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A Huge Noreaster Buried The U.S. Eastern Seaboard

Tri-State residents woke up Monday to evidence that the winter is not over yet. It’s all part of the trailing edge of a huge Noreaster that’s buried the U.S. Eastern seaboard.

So far most areas received anywhere between 4 to 12 inches of snow. Forecasters are predicting that the storm finally clears out late Tuesday and that most of the Tri-State would escape the massive snowfall.

And that’s left streets and highways a slippery, slushy mess. While the Monday rush hours were no fun, it could be even worse by Tuesday morning as more snow falls on the of New York.

Scores of flights have been cancelled at Newark, LaGuardia and Kennedy airports. If you’re looking for a March break, you should check with your airline first.

In New Jersey acting Gov. Donald T. DiFrancesco declared a state of emergency and ordered state offices and courts closed Monday. The governor feels the best course of action is to keep people off the road.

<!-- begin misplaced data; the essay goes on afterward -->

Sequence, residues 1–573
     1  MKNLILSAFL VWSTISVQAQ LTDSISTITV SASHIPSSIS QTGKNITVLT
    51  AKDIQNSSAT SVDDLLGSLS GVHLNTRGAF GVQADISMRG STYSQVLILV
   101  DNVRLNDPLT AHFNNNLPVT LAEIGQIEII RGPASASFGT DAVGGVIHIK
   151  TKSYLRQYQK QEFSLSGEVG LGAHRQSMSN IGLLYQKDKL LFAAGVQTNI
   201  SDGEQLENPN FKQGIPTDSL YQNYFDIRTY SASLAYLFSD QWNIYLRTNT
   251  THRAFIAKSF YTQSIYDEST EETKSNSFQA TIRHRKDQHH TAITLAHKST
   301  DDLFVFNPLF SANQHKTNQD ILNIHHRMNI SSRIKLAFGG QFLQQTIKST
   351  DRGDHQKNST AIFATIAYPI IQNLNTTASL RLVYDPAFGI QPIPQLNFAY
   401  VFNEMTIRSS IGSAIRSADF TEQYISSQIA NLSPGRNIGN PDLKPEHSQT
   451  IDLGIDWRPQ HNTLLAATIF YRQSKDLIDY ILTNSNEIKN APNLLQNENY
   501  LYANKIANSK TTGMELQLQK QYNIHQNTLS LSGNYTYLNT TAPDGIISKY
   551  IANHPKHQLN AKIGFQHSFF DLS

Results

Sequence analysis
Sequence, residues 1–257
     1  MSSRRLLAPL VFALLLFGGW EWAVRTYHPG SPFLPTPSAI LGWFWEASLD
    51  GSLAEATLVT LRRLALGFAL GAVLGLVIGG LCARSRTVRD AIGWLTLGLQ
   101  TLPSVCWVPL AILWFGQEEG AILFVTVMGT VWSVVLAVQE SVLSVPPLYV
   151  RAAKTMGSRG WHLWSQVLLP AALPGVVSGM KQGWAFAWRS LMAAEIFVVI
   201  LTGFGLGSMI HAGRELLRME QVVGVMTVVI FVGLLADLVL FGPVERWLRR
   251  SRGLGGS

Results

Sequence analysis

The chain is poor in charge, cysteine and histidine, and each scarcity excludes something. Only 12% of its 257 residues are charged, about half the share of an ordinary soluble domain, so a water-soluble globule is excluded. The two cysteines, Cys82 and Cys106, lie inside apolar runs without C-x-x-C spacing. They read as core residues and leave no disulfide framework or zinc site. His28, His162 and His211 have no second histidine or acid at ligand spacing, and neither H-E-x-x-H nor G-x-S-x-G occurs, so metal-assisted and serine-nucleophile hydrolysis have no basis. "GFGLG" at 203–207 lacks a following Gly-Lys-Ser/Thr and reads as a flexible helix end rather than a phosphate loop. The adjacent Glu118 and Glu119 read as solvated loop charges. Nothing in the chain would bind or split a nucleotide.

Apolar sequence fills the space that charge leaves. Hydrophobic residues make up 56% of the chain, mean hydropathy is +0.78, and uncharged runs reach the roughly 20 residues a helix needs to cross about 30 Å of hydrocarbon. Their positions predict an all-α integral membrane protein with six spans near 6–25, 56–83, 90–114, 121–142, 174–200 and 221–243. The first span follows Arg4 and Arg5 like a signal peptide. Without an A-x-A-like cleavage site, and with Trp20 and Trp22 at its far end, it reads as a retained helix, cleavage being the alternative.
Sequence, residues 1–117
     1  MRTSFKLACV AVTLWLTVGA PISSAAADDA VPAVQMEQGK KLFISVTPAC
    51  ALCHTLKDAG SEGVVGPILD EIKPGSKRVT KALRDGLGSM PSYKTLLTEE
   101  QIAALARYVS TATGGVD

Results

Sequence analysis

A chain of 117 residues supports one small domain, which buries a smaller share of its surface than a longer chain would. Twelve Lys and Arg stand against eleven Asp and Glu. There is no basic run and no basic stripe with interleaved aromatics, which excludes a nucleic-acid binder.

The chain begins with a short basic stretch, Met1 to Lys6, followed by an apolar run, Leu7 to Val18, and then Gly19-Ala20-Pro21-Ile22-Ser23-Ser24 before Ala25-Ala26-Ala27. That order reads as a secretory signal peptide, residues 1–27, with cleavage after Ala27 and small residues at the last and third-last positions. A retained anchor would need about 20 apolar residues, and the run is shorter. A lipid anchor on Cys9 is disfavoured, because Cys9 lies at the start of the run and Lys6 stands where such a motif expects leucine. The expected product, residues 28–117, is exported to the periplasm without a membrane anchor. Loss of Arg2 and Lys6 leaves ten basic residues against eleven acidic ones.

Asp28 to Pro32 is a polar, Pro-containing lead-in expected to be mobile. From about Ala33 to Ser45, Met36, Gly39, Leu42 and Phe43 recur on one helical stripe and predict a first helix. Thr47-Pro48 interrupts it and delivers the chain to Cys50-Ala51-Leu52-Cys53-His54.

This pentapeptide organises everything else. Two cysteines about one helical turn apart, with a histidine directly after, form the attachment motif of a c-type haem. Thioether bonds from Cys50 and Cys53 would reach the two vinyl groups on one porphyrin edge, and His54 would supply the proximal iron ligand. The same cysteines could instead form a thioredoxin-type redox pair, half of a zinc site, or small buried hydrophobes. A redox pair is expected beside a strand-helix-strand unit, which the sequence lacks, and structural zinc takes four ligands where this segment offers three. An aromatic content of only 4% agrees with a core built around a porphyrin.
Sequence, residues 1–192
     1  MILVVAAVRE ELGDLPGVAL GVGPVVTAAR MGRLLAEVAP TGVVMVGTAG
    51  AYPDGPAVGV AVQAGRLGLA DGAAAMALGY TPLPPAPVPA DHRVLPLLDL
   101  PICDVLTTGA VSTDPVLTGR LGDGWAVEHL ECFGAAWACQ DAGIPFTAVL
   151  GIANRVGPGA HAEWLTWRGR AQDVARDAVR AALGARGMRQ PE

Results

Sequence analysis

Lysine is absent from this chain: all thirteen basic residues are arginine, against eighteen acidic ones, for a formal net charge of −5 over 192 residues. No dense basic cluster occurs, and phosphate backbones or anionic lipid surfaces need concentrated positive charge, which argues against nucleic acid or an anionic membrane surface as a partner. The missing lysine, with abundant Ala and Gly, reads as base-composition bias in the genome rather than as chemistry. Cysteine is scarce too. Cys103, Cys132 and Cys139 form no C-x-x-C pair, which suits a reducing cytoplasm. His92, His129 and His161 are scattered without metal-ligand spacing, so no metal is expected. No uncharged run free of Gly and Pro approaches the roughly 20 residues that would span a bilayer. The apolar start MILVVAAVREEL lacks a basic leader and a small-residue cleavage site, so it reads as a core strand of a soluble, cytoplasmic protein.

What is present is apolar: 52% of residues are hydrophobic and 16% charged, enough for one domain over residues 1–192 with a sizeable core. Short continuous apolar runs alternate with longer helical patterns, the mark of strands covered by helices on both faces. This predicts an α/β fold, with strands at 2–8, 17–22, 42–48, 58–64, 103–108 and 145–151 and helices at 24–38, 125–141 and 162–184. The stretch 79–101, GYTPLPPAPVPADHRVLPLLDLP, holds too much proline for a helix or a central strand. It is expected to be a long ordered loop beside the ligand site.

The mixed precipitation that fell throughout most of the state on Sunday was expected to continue through Tuesday morning. The combination of rain, ice, freezing rain and snow did create some slick and slippery roads across the state, but traffic was moving without delay on the Garden State Parkway and the New Jersey Turnpike, where speed limits were lowered to 45 mph for the length of the roadway.

School districts in northern and central New Jersey canceled classes for Monday. Many businesses also closed their doors. Forecasts originally called for up to 2 feet of snow in most of the state, but the outlook was scaled back. Eight to 12 inches is now expected in the central part of the state and 4 to 8 inches in southern New Jersey by Tuesday morning.

Acting Gov. Donald T. DiFrancesco declared the state of emergency at about 4 p.m. Sunday. It allows state police to close roads and issue orders to municipal police. It also lets the National Guard ask employers to excuse reservists.

“This is a matter of public safety,” DiFrancesco said after a briefing from National Guard, state police and Department of Transportation officials. “This is about warning people, protecting people.”

The National Guard had about 200 troops deployed Sunday night and was prepared to call 10,000 reservists. Emergency operations centers were expected to be open in most of New Jersey’s 21 counties early Monday morning.

Up to 2,000 snow-clearing vehicles were expected to be on major highways Monday. Power companies were also bracing for the storm. NJ Transit has an emergency hot line at 973-491-7400 so passengers can check the status of train and bus routes.

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